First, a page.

In the recent years, along with the growth of crypto currencies such as Bitcoin or Ethereum, Blockchain technology has been rapidly catching the attention of enterprises that wish to apply it to other domains beyond financial transactions such as distributed storage (Filecoin), Internet of Things (IOTA) or decentralized autonomous organization (DAO). A common approach is to replace the traditional centralized database system with the core of distributed blockchain storage so that multiple entities can use the blockchain to guarantee data integrity. However, even when we have suitable use cases for blockchain, employing such a technology is not a trivial task. There are several issues that enterprises may encounter with when using blockchain in their systems.

Bitcoin, Ethereum and many other public permissionless blockchain are expected to provide decentralized open platforms to implement smart contracts that allow business to connect and ensure the trust among one another. However, the economy factor of using public permissionless blockchain is not stable for businesses in non-financial domains. For example, in order to “perform” a transaction on Ethereum, one must play a lower bounded amount of gas, which, in turn can be paid by ETH, the currency token in the network. However, the exchange price of ETH to USD varies like stock on the exchange market. The same transaction can cost 10 times different in USD equivalent just after several days. We can argue that in the future it is possible to have a stable economy system where cryptocurrencies prices are managed intelligently like real life currencies. It is very hard for a business to rely on this type of approach without taking a significant risk or change at the core of their business.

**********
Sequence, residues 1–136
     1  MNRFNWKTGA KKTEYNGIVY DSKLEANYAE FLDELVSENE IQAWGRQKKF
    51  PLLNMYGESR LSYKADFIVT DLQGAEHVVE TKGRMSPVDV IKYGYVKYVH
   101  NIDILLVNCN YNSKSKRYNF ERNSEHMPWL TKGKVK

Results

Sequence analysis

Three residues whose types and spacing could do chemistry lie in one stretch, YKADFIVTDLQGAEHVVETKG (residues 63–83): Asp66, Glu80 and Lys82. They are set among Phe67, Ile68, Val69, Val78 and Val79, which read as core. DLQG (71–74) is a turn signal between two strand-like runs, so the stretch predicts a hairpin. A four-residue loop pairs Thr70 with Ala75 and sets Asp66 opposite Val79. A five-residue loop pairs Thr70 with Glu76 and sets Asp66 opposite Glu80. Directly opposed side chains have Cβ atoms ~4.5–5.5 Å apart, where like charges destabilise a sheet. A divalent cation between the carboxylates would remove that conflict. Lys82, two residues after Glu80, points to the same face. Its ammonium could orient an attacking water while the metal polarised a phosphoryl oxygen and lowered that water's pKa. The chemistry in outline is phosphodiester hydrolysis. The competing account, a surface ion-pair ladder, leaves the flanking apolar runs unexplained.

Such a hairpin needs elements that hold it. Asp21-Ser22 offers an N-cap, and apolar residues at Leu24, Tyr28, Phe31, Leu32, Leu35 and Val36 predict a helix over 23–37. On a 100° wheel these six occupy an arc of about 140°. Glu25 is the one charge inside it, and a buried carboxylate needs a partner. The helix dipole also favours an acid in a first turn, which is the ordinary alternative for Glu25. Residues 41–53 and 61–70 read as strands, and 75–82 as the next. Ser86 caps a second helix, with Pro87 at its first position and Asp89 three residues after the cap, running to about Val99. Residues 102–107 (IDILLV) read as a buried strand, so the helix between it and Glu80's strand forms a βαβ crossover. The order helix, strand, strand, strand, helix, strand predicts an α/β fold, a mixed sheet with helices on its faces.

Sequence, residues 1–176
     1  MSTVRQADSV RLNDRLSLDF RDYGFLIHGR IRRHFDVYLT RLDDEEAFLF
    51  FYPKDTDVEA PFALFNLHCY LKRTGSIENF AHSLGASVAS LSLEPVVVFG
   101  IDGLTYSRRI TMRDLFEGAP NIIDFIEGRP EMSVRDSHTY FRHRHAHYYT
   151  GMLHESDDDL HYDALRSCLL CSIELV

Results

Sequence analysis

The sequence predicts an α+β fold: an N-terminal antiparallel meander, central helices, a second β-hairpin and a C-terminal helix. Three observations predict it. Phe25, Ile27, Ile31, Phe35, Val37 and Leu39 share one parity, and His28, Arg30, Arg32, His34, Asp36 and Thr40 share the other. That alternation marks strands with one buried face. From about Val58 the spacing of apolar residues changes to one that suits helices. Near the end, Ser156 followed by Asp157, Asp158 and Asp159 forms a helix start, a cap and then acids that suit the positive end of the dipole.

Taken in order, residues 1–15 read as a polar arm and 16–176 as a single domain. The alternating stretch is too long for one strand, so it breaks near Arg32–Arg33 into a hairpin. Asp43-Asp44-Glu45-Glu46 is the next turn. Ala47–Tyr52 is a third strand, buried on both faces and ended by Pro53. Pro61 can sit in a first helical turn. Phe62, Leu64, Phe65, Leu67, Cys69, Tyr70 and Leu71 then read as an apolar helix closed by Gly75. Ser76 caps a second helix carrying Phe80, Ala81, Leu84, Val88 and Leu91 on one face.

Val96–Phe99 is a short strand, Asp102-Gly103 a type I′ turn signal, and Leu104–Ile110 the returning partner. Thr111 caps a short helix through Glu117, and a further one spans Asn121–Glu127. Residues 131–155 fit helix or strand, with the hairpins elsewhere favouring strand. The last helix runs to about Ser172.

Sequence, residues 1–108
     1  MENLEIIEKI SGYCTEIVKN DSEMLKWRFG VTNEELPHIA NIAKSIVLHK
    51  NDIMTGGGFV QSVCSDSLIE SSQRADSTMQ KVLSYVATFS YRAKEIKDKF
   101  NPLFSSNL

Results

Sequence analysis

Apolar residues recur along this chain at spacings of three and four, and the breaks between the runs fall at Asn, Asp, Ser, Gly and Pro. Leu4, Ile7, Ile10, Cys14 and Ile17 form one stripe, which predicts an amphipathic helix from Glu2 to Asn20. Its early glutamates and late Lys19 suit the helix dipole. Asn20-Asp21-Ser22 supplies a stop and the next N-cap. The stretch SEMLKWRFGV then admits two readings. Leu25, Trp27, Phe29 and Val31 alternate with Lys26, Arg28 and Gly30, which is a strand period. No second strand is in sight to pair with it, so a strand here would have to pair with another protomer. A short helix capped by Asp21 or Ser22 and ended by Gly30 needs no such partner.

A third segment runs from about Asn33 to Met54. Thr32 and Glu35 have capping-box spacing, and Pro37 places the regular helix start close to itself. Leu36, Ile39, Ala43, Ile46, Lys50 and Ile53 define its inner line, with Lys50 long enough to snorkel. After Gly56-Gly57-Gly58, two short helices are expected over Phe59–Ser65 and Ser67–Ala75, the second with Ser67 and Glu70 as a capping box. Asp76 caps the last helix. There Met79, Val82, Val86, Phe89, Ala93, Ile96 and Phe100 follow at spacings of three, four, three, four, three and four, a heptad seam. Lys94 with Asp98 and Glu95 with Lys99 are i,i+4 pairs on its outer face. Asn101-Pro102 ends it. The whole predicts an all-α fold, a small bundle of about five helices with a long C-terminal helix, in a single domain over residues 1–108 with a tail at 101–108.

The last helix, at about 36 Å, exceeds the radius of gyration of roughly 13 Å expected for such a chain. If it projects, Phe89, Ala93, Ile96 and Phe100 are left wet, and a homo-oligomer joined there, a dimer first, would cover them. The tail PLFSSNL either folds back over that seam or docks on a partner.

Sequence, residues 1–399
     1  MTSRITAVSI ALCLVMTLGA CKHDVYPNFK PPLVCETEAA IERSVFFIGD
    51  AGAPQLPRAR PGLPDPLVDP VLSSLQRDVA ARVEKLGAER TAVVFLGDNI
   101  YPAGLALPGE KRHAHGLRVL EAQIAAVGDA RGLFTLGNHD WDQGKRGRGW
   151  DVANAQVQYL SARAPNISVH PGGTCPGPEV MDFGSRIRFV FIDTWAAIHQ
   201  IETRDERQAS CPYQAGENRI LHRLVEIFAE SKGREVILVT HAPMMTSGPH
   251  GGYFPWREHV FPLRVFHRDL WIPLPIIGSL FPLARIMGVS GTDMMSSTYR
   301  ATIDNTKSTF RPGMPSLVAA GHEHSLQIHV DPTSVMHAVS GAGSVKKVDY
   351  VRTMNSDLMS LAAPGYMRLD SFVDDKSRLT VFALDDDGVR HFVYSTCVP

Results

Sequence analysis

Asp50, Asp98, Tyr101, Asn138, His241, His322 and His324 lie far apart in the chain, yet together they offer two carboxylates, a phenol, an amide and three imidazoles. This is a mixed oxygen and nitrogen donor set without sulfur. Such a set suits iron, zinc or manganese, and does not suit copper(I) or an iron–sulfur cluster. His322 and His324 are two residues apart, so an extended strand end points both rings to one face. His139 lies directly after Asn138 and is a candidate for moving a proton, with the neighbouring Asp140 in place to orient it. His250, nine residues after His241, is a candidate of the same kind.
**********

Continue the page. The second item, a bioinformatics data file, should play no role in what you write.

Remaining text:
Another downside to blockchain is that it is somewhat overly praised by the mass public. During the cryptocurrency rush in 2018 where Bitcoin price peaked at more than 30 times its price in 2017, we can see a large number of companies that tried to use “blockchain” in their businesses to perform initial coin offering (ICO) to attract investment from the public. Unfortunately, a large portion of those companies are scam entities. Many relied on the fact that there was no clear regulation guideline from governments on such matters  to create a fake hype on the technology to push the price of cryptocurrencies up for profit with no intention of developing any sensible thing for the community. Thus, when governments do take actions such as the US Securities and Exchange Commission's cracking down of unregistered coin offerings [1] or many Asian countries' more extreme measures like banning cryptocurrencies entirely [2], many actual projects such as Ethereum have to bear the side effects.  It is a great risk for a company to employ such a technology in their businesses without considering a possibility that public cryptocurrency is banned or having bad reputation in countries where they want to establish.